President Biden and his team are preparing to announce his reelection campaign next week, with aides finalizing plans to release a video for the president to officially launch his campaign, according to three people briefed on the plans.
Biden making plans for reelection announcement next week
For months, Biden has signaled he planned to run for a second term, but he has held off an official announcement, as he and his aides felt no urgency to launch a campaign, especially after a better-than-expected midterm performance by the Democrats dampened talk of a primary challenge.
Biden’s top aides have quietly undertaken extensive preparations for a run, holding regular meetings with the president and first lady since last year in the White House residence. Anita Dunn and Jen O’Malley Dillon, two of Biden’s top advisers, have been overseeing the reelection efforts, including interviewing staff for top roles, while the Democratic National Committee has funded research projects to study the election landscape.
The timing of Biden’s announcement has been the source of debate among the president’s inner circle. An earlier announcement would let the president begin raising money for what could be a tough campaign, while waiting longer would allow Biden to position himself as above the political fray as Republicans battle each other for the GOP nomination.
The planned announcement would move the country one step closer to what could be an extraordinary presidential campaign. Biden, 80, would be 86 at the end of a second term, considerably older than any other president in U.S. history. Meanwhile, Donald Trump, the man he defeated in 2020, has announced his own bid to reclaim the Oval Office, signaling a return to a highly unorthodox presidency should be succeed.
The White House declined to comment. “What I will say is that any announcement or anything that is related to 2024 certainly will not come from here,” Karine Jean-Pierre, the White House press secretary, said Thursday, referring to rules prohibiting government agencies from campaign activity.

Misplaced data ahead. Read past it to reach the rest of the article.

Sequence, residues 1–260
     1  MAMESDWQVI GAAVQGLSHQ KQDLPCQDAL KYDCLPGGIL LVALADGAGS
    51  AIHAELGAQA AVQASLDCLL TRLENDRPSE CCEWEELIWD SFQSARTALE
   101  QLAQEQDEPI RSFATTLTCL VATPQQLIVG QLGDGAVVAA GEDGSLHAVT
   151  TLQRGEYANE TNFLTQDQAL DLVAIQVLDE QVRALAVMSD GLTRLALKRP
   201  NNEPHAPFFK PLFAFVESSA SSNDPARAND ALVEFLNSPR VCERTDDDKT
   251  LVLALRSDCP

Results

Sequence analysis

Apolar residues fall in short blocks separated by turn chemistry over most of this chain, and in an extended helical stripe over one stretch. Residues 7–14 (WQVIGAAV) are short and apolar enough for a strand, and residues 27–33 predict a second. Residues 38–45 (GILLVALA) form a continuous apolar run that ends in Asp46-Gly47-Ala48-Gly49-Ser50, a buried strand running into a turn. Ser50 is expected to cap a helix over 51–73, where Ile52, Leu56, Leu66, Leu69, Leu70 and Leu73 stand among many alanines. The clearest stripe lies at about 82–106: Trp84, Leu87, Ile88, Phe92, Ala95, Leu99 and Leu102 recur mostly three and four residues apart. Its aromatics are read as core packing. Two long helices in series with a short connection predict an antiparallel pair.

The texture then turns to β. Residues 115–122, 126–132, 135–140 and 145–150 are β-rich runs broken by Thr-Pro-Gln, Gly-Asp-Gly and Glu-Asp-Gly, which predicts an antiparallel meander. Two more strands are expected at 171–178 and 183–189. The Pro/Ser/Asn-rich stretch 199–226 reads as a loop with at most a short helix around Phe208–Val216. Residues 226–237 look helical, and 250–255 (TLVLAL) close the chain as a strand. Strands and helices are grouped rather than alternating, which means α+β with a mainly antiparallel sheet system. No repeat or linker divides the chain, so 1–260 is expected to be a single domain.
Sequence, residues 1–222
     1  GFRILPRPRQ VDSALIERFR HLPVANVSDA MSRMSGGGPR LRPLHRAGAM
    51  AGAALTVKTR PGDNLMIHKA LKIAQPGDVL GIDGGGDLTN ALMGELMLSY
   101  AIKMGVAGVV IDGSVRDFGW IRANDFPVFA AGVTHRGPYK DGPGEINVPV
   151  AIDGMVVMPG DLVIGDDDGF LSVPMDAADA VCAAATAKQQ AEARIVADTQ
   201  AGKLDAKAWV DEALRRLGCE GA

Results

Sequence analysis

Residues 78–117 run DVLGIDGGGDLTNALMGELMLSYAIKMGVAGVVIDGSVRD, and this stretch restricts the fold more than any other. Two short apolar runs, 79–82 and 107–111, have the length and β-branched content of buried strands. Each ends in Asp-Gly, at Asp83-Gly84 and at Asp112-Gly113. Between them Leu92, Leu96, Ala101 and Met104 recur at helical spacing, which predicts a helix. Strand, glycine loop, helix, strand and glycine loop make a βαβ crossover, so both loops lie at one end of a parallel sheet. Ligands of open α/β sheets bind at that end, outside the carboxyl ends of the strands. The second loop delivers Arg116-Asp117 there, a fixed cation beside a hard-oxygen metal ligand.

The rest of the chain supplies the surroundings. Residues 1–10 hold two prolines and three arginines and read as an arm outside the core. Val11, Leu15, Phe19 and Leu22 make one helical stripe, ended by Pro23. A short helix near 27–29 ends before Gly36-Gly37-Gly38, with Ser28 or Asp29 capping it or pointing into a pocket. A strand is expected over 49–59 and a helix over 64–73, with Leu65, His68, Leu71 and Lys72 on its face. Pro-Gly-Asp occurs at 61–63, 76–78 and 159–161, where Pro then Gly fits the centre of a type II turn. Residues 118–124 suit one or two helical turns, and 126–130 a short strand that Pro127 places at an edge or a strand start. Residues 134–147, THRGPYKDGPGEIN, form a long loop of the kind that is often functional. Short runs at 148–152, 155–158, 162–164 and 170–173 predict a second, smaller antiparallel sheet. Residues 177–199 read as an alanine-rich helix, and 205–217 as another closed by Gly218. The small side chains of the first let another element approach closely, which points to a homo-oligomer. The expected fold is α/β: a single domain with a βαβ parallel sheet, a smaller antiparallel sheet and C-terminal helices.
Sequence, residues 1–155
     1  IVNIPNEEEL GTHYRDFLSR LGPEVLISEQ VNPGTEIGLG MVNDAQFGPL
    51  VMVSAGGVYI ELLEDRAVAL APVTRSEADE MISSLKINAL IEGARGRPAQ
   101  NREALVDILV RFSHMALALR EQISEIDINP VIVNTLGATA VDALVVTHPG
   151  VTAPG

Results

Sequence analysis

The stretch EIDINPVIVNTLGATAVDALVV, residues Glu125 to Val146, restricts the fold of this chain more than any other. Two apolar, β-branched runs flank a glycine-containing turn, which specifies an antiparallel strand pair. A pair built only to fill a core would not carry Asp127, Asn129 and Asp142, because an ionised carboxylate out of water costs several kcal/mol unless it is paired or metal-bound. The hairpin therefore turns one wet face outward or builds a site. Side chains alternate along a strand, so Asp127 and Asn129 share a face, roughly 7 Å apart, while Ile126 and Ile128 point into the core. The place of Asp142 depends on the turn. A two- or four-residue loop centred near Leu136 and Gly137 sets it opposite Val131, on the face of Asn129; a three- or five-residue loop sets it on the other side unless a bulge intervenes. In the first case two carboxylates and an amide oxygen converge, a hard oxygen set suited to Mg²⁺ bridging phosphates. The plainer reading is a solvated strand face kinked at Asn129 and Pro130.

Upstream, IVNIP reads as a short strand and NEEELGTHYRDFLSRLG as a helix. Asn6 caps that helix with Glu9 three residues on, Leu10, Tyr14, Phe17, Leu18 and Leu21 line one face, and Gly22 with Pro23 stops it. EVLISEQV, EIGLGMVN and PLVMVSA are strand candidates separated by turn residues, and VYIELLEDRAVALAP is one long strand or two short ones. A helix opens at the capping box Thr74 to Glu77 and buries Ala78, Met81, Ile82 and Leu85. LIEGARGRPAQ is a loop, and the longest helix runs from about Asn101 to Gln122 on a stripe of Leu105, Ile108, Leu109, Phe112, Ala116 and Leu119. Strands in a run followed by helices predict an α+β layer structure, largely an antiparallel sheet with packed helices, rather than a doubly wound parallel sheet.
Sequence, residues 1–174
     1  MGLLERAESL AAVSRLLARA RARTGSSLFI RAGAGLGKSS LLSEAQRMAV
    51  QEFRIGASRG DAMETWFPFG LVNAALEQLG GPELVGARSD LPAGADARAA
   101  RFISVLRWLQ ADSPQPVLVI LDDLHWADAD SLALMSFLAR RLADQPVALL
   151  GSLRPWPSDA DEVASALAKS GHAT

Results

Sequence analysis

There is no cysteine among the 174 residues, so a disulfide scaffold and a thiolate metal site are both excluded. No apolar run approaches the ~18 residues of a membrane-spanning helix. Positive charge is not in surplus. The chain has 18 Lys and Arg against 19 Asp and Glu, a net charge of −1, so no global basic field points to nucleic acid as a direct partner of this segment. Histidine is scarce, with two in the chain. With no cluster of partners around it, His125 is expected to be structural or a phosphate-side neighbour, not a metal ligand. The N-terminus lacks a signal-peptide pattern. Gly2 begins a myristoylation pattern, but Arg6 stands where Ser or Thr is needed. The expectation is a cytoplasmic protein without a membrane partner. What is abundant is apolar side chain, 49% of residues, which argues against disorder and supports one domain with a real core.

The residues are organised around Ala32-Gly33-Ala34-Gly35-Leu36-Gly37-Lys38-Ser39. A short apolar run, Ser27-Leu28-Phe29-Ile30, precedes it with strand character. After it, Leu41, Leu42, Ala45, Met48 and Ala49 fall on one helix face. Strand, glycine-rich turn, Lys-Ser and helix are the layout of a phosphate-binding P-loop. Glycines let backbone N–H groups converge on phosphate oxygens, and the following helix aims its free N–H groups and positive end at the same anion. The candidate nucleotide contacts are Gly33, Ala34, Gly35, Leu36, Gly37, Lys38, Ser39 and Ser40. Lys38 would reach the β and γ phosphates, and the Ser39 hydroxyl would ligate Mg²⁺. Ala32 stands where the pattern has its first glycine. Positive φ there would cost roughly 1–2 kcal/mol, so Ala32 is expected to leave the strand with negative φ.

A spokesperson for the DNC also declined to comment.
On the heels of the planned announcement, Biden will meet with top Democratic donors in Washington at the end of next week. Biden’s team has invited roughly 50 to 100 of the party’s top fundraisers and bundlers to a Friday night event with the president, with the goal of energizing contributors and rallying support.
The details of the donor summit are still being finalized, but one option is for Biden to have dinner with the donors on Friday night and his aides to host a briefing for them Saturday.
Some of the donors say they are expecting to be asked to organize future events to raise money for Biden’s reelection. Invitations to the event were circulated Wednesday by phone call from officials at the DNC, which has been preparing for months for the campaign. The national Democratic Party has said it will support Biden’s reelection, and it has no plans to sponsor Democratic primary debates.
Biden is not expected to face any serious opposition for the nomination, despite concerns from some in the party about his age and dissatisfaction among some progressives who say he has not pushed their priorities hard enough. Many Democrats say Biden has been notably successful at passing sweeping legislation, on everything from climate to infrastructure, especially given his narrow congressional majorities.
Two other candidates, author and activist Marianne Williamson and anti-vaccine activist Robert F. Kennedy Jr., have launched long-shot bids for the Democratic nomination, but few strategists within the party expect them to get significant traction.
White House officials, including Dunn, have attended — in their personal capacities — fundraising events for American Bridge, an independent group that has started running television ads to support the Biden reelection bid in North Carolina, Michigan, Pennsylvania and Wisconsin.
“Biden veterans have been very engaged,” said Bradley Beychok, the co-founder of American Bridge. “Their participation at our events has been enormously helpful. Donors are energized, engaged and ready to support the reelection.”
The ads boast of Biden’s legislative success in lowering insulin costs, creating jobs and encouraging U.S. manufacturing expansions.
“We should stand behind him to finish the job,” the ads conclude, echoing what is likely to be a key message for Biden’s reelection bid — the notion that he has accomplished a good deal and voters should return him to the White House to “finish the job.”